Citi Targeted Armenian Americans and Treated Them Like Criminals, US Regulator Alleges


By Matt Egan

NEW YORK (CNN) — Citibank illegally discriminated against Armenian Americans for years by singling them out on credit card applications based on their surnames, a federal regulator alleged on November 8.

The Consumer Financial Protection Bureau found that from at least 2015 through 2021, Citi “targeted” retail services credit card applicants whom employees associated with Armenian national origin.

“Citi treated Armenian Americans as criminals who were likely to commit fraud,” the CFPB alleged.

Citi applied more stringent criteria to suspected Armenian Americans’ applications, including “denying them outright,” placing blocks on the accounts and requiring additional information, according to the regulator.

The CFPB said Citi targeted applicants with last names ending in “-ian” and “-yan” as well as applicants in and around Glendale, which is home to a large Armenian-American population.

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Regulators painted the picture of an orchestrated effort by Citi to conceal the alleged discrimination, including by allegedly falsifying documents.

Citi is a major issuer of store credit cards, including retail cards for Home Depot, Best Buy and other chains.

To punish Citi for the alleged discrimination, the CFPB ordered the bank to pay $25.9 million in fines and consumer redress. Those penalties include a $24.5 million fine to the CFPB’s victims relief fund.

“Regrettably, in trying to thwart a well-documented Armenian fraud ring operating in certain parts of California, a few employees took impermissible actions,” Citi spokesperson Karen Kearns said in a statement to CNN. “While we prioritize protecting our bank and our customers from fraud, it is unacceptable to base credit decisions on national origin.”

The Citi spokesperson added that after an internal investigation, the bank took “appropriate actions” against those involved and imposed steps to prevent this from happening again. “We sincerely apologize to any applicant who was evaluated unfairly by the small number of employees who circumvented our fraud detection protocols,” the Citi spokesperson said.

According to the CFPB, Citi supervisors “conspired to hide the discrimination” by telling employees not to discuss these practices in writing or on recorded phone lines.

The bank then “hid” the discrimination by lying to consumers, giving them “false reasons” for credit denials, the CFPB said.

“Citi stereotyped Armenians as prone to crime and fraud,” CFPB Director Rohit Chopra said in a statement. “Citi illegally fabricated documents to cover up its discrimination.”

Under the Equal Credit Opportunity Act, it is illegal to intentionally deny credit to groups of people based on national origin.

Sen. Elizabeth Warren, a frequent critic of big banks, condemned Citibank.

“Citibank’s intentional discrimination against Armenian Americans is illegal, outrageous and just plain wrong,” Warren, a Democrat from Massachusetts, told CNN in a statement. “The CFPB is right to hold the bank accountable.”

Dennis Kelleher, CEO of financial reform advocacy group Better Markets, called the allegations against Citi “stunning” and questioned whether the punishment fits the crime.

“That fine amount is meaningless to Citi,” Kelleher told CNN, noting it amounts to slightly more than 0.1% of the bank’s $20 billion in third-quarter revenue. “Individual bankers, including executives and supervisors, must be personally punished with meaningful fines and barred from working in the industry.”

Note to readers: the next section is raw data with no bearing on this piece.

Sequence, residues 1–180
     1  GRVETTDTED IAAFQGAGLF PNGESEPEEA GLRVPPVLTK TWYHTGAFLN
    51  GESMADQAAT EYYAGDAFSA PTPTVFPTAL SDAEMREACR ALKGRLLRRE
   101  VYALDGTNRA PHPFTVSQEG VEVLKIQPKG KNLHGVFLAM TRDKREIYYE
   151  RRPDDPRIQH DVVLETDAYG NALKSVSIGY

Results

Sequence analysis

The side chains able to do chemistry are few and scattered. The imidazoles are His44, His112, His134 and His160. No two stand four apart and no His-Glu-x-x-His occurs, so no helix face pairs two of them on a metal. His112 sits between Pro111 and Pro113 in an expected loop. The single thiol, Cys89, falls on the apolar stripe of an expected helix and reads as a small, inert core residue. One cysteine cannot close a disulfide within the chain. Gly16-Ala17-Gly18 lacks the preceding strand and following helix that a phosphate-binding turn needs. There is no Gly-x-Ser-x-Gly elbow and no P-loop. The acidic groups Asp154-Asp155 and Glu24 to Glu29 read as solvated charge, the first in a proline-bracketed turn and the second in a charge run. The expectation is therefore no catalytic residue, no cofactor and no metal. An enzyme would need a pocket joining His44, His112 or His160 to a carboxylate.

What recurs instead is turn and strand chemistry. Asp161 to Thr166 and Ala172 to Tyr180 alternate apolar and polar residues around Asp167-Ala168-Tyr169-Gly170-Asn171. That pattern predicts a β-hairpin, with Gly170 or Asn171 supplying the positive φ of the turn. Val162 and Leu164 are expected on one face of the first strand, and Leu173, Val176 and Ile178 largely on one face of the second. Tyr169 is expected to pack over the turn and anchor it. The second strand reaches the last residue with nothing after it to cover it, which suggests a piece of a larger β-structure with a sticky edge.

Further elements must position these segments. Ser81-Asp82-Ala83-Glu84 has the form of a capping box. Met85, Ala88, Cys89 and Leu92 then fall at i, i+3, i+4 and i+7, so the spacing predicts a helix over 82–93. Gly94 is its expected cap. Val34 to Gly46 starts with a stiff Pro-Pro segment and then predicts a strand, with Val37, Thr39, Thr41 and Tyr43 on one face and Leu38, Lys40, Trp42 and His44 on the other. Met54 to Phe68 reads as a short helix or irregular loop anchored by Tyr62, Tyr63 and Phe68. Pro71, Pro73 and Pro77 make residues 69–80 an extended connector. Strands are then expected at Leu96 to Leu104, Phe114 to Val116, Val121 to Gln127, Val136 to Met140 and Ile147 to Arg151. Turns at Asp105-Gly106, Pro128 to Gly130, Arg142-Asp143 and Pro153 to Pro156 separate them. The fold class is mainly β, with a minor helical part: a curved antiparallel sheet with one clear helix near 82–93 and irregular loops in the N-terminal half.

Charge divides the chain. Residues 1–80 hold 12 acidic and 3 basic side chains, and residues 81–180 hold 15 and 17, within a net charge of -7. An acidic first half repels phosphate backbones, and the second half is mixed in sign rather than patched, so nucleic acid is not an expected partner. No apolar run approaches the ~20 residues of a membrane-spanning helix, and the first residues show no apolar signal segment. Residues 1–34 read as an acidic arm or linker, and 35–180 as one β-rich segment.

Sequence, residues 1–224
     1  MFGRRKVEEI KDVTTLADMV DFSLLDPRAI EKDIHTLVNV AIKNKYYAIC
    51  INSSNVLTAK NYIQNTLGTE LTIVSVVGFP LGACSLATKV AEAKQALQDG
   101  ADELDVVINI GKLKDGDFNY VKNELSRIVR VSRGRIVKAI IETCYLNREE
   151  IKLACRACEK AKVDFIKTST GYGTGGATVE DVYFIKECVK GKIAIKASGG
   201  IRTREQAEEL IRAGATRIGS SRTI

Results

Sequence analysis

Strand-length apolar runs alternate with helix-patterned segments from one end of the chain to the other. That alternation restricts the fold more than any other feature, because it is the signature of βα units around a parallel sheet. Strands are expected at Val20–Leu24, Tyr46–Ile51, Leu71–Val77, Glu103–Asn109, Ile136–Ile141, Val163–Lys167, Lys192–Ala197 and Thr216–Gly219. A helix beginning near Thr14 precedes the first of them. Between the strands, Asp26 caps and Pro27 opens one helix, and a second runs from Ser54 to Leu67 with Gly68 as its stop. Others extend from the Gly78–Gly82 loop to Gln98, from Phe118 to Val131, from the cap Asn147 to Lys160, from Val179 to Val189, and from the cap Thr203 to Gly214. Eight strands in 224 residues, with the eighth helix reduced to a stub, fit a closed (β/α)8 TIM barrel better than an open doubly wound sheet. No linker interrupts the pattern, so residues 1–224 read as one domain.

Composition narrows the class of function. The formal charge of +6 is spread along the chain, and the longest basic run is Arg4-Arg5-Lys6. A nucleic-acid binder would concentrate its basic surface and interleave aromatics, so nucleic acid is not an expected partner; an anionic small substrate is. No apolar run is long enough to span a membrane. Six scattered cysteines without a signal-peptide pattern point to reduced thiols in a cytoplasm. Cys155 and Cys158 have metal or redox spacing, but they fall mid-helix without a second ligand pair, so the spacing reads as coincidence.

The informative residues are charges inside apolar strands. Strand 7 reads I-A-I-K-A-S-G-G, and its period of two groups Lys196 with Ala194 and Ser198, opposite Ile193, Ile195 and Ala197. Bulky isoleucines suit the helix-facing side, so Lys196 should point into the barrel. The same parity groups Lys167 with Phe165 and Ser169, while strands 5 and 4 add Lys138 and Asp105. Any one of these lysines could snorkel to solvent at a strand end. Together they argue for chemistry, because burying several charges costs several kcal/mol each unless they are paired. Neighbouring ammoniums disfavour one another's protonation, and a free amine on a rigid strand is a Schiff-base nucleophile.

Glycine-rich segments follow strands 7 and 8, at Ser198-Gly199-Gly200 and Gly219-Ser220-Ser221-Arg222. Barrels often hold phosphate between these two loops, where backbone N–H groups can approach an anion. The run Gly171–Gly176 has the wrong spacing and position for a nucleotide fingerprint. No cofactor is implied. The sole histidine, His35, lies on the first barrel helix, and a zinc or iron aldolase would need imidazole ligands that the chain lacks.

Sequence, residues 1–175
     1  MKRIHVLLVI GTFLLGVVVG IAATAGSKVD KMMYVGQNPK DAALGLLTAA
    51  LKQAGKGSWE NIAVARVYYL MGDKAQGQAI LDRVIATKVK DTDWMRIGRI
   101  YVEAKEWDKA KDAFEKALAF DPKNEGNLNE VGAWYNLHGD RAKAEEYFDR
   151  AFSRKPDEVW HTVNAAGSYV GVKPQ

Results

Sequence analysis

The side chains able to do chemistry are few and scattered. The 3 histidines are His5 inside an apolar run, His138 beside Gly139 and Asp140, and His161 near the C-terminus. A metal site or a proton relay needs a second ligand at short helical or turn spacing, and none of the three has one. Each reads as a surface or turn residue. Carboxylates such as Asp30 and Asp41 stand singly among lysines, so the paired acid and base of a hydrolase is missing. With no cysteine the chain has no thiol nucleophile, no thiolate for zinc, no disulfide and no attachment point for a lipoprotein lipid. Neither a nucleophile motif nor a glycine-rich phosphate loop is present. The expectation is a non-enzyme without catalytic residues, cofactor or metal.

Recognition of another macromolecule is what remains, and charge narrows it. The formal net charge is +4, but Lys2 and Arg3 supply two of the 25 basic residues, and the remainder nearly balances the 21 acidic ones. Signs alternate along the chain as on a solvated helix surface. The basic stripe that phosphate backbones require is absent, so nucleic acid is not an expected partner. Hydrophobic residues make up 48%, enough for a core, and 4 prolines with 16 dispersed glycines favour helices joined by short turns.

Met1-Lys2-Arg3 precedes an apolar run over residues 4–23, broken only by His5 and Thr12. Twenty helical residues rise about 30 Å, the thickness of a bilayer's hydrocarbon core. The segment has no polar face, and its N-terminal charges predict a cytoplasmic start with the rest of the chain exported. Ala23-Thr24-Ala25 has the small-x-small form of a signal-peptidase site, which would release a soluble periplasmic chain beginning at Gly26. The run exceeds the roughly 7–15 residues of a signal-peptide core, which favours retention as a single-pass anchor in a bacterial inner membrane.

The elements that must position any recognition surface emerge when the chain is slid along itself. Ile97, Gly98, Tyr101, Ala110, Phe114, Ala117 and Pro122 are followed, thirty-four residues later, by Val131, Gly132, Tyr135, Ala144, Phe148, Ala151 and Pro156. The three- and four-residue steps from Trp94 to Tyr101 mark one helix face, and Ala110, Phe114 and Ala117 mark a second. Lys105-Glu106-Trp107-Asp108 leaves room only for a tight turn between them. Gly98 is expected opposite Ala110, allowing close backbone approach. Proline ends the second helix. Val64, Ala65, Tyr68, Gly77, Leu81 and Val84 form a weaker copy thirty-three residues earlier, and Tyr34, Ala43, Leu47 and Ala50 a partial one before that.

During a call with reporters on Wednesday, Chopra said the people hurt thought they would be treated fairly by banks.

“Many Armenians have arrived in the US both because of opportunity but also because of physical dangers back home,” Chopra said, noting Armenia was a satellite of the Soviet Union before its collapse. “Those who immigrated to the United States should not be subjected to illegal discrimination on the basis of their national origin.”

The CFPB noted that Citi has a history of recently violating consumer financial protection laws. It paid $335 million in 2018 to 1.75 million consumer credit card holders for allegedly violating the Truth in Lending Act. In 2015, Citi paid almost $750 million for “deceptive and unfair practices” linked to overcharging credit card customers.

“I am concerned about Citi’s longstanding problems when it comes to managing its sprawling lines of businesses,” Chopra said. “The public has provided Citi with very large bailouts because of its past management failures. It is unfair for consumers to continue paying the price.”

Rep. Anna Eshoo, the only Armenian-Assyrian member of Congress, told CNN in a statement on Wednesday that her family members were turned away from a hotel in Fresno, Calif. in the early 1930s due to their last name.

“My relatives had no power to address the discrimination directed at them, but today, an agency I voted to create, the Consumer Financial Protection Bureau, has brought the justice needed,” Eshoo said, noting the penalties against Citi. “May their shocking behavior be relegated to the dustbin of history and never be forgotten for their fraud and deceit.”

Anthony Barsamian, co-chair of the Armenian Assembly of America, called Citi’s alleged discrimination “absolutely outrageous.”

“I’m just appalled,” Barsamian told CNN in a phone interview.

Barsamian, a trust and estate attorney in Massachusetts, said he’s been a Citibank customer for 20 years and even keeps client funds at the bank. Now, Barsamian said he is “absolutely” considering ending his business relationship with Citi.

Citi CEO Jane Fraser is scheduled to testify before Congress on December 6 as part of the Senate Banking Committee’s big bank oversight hearing.

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